To access the higher stake yield, you have to buy Cronos (CRO), the platform’s native trader token, whose price floats freely. CRO tanked over the weekend over concerns about Crypto.com’s reserves. [BeinCrypto]  

Marszalek, 42, is a Polish-born serial entrepreneur who lives in Hong Kong. He dropped out of college and started his career selling computer equipment. He doesn’t appear to have any trading experience at all prior to Crypto.com.

You’ll be delighted to hear that Marszalek has the sort of background you want in a crypto CEO. Specifically, running a voucher sales company that collapsed in 2016 and stiffed everyone.

Founded in 2010 in Singapore, Ensogo offered Groupon-style “daily deals” and so forth. After going through multiple name changes and acquisitions, Ensogo was listed as a standalone company on the Australian Securities Exchange. It pivoted to an “open marketplace platform” in late 2015. [ASX, PDF]

By April 2016, Ensogo had closed its Malaysian office and had stopped paying merchants. The company’s first-quarter report to the ASX showed an AUD$5 million deficit, despite firing half its staff in the first quarter of 2016. It had already lost AUD$67 million in 2015. Ensogo finally stopped operations in June — leaving merchants and consumers in the lurch. One Hong Kong merchant lost HK$20,000. [Tech in Asia; Tech in Asia; Tech in Asia]

Other exchanges 

In the third quarter of 2022, US exchange Coinbase suffered “another tough quarter.” Institutional trading was down 22% and retail volume was down 43%, compared to the previous quarter. Net revenue in Q3 was $576 million, down from $803 million in Q2, and $1.2 billion the year before. The company lost $545 million in Q3, compared to a net profit of $406 million in the same period last year. [FT, archive; Shareholder letter, PDF]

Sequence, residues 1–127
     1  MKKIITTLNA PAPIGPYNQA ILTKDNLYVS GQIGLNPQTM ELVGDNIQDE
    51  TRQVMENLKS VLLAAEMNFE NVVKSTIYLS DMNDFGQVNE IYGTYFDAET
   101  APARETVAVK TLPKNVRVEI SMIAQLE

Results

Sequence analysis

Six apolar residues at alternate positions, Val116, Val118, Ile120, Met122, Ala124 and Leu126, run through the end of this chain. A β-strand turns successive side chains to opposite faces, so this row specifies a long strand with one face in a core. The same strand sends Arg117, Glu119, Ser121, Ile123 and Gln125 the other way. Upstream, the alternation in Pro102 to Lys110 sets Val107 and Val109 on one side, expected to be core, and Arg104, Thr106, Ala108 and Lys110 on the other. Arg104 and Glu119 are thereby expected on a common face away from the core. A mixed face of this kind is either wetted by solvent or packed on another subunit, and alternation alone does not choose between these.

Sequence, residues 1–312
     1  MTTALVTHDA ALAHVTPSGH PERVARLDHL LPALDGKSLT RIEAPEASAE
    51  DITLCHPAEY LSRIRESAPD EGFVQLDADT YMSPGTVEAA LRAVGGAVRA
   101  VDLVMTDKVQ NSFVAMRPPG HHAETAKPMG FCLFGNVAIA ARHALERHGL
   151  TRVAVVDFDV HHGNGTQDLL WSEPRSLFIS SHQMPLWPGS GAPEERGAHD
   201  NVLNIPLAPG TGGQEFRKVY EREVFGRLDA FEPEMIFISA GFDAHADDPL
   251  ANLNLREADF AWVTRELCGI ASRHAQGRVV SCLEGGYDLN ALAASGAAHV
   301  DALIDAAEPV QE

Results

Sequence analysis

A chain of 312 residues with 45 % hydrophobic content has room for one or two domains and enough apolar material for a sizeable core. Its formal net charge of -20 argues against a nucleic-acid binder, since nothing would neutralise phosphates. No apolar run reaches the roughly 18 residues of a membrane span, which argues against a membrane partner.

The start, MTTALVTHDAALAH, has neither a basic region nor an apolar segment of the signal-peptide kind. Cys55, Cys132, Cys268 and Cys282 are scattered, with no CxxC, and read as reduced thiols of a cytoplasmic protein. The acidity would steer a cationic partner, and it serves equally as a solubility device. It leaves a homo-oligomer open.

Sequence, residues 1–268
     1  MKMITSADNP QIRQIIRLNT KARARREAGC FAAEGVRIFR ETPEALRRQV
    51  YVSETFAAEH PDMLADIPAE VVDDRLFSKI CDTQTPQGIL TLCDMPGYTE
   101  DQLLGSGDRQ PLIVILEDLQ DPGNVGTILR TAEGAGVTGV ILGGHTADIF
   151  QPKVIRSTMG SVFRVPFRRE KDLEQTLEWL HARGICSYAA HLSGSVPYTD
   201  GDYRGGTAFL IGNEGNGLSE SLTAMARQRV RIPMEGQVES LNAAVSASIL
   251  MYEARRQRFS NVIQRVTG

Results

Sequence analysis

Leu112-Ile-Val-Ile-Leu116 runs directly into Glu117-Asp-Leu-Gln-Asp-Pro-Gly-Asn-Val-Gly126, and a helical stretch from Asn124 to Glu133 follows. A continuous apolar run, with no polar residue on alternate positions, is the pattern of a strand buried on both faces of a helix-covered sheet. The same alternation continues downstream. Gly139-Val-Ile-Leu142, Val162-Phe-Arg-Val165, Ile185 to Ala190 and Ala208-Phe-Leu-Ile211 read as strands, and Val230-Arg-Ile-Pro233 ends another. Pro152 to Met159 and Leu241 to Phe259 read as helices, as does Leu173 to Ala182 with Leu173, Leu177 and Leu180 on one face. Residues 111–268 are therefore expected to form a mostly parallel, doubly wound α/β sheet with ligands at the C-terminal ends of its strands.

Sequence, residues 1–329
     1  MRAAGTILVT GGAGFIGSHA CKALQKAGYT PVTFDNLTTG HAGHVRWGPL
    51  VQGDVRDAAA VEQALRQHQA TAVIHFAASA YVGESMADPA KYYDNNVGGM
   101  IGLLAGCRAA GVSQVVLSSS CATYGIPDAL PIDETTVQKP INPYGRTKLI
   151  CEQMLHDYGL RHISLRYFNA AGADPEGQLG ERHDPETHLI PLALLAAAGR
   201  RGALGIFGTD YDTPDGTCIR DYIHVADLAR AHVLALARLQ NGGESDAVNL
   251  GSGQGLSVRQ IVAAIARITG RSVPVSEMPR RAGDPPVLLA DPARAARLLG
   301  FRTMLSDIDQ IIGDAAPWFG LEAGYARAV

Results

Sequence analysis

In Hong Kong, AAX has suspended withdrawals. The crypto exchange had just blogged that it had no exposure to FTX and that user funds were never exposed to counterparty risk. [AAX; AAX; Coindesk]

What’s a user to do?

The FTX collapse has taken out a variety of firms across crypto, including other exchanges and crypto hedge funds. Many projects used FTX like it was a bank. So many projects are now wrecked because they treated FTX like it was a safe place to store their cryptos.

Expect more trouble and possible bankruptcies to come. People keep treating crypto exchanges as banks. They are not banks.

The hard part is: what do you do instead?  

Loud and weird crypto nerds, particularly bitcoin maxis, are saying “not your keys not your coins” again a lot.

Back in the real world, approximately 100% of crypto users are in it for the money. And that’s only achievable with the coins on an exchange, where they can actively buy and trade them.

More importantly, almost all crypto users have flat zero technical knowledge. They have no idea how any of it works. They trusted the newspaper headlines. They just about get “number go up.” They won’t be self-custodying en masse.

DeFi traders will tell you that self-custodying is the only way to do anything, but they also get rekt a whole lot.

We concur that users should treat centralized exchanges as risky places to store cryptos. The trouble is, what else to do with them? If you don’t want to do the sensible thing — i.e., dump your coins and get the heck out of crypto — you’re going to have to learn way more about how the technology works than you ever wanted to.

It’s going to suck because — despite the user-friendly Super Bowl ads — crypto is not a product. It’s a pile of wires on a lab bench. Get out your soldering iron, you’re gonna be your own bank.

2 thoughts on “Crypto.com’s bad weekend — crypto exchanges are shaky

  1. I used to buy office supplies at the Staples right near the Staples Center. It’s still there. I wouldn’t be surprised if the Staples near the now-Crypto.com-Arena outlives Crypto.com (and their naming rights to the arena), too.

  2. Love y’all’s \content now more than ever! Would love to see a list of the remaining big players in crypto with which ones offer yield on stablecoins (i.e. are likely ponzis) and which ones have their own tokens on their balance sheet and at what amount/%, which to me is akin to an airline listing frequent flyer miles as an asset